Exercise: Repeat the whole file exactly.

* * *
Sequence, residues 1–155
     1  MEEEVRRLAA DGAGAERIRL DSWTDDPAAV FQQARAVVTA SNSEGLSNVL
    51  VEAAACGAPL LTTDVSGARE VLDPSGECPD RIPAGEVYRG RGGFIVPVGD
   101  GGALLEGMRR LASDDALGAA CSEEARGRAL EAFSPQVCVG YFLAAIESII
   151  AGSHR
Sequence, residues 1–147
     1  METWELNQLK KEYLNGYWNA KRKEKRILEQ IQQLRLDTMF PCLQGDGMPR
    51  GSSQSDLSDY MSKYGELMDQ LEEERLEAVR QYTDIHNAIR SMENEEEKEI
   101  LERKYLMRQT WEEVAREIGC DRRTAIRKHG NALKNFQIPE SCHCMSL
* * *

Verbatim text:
Sequence, residues 1–155
     1  MEEEVRRLAA DGAGAERIRL DSWTDDPAAV FQQARAVVTA SNSEGLSNVL
    51  VEAAACGAPL LTTDVSGARE VLDPSGECPD RIPAGEVYRG RGGFIVPVGD
   101  GGALLEGMRR LASDDALGAA CSEEARGRAL EAFSPQVCVG YFLAAIESII
   151  AGSHR
Sequence, residues 1–147
     1  METWELNQLK KEYLNGYWNA KRKEKRILEQ IQQLRLDTMF PCLQGDGMPR
    51  GSSQSDLSDY MSKYGELMDQ LEEERLEAVR QYTDIHNAIR SMENEEEKEI
   101  LERKYLMRQT WEEVAREIGC DRRTAIRKHG NALKNFQIPE SCHCMSL